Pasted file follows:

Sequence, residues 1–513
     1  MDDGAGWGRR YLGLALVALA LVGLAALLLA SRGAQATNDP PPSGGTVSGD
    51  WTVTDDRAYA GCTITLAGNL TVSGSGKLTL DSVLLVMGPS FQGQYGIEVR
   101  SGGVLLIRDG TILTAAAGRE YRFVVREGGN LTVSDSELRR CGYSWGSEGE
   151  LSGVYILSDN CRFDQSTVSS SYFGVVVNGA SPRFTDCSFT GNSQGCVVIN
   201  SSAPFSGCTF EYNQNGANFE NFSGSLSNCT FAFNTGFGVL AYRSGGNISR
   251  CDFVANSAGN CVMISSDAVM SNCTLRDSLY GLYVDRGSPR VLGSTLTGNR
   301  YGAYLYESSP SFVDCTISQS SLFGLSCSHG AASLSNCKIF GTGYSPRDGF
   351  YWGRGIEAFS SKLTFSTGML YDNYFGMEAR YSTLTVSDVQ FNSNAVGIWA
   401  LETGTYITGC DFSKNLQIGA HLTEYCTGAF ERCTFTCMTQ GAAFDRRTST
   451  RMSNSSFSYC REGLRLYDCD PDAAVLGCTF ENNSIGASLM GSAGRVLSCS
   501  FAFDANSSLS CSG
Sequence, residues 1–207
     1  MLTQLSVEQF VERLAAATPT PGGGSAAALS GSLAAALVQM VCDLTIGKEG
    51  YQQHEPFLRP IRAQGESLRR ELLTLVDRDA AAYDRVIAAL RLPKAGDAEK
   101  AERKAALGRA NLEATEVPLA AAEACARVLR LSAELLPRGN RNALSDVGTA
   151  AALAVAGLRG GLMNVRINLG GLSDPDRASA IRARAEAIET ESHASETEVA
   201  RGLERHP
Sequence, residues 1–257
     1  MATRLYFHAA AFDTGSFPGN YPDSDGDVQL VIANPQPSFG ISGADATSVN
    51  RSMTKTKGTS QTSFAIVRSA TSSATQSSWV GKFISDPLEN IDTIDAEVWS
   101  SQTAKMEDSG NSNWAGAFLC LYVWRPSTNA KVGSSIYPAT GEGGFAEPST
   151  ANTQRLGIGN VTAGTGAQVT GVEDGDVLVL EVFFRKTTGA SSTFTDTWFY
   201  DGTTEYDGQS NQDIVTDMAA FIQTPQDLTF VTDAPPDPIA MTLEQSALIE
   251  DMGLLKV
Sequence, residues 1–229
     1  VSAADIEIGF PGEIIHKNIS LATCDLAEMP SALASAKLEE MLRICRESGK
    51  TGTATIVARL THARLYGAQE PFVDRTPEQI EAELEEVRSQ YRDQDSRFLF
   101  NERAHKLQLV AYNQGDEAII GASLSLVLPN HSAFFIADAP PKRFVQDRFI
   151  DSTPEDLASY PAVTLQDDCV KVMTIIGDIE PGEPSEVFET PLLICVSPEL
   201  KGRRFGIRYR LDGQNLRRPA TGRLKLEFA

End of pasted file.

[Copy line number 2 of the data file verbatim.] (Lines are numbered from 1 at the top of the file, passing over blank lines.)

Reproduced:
     1  MDDGAGWGRR YLGLALVALA LVGLAALLLA SRGAQATNDP PPSGGTVSGD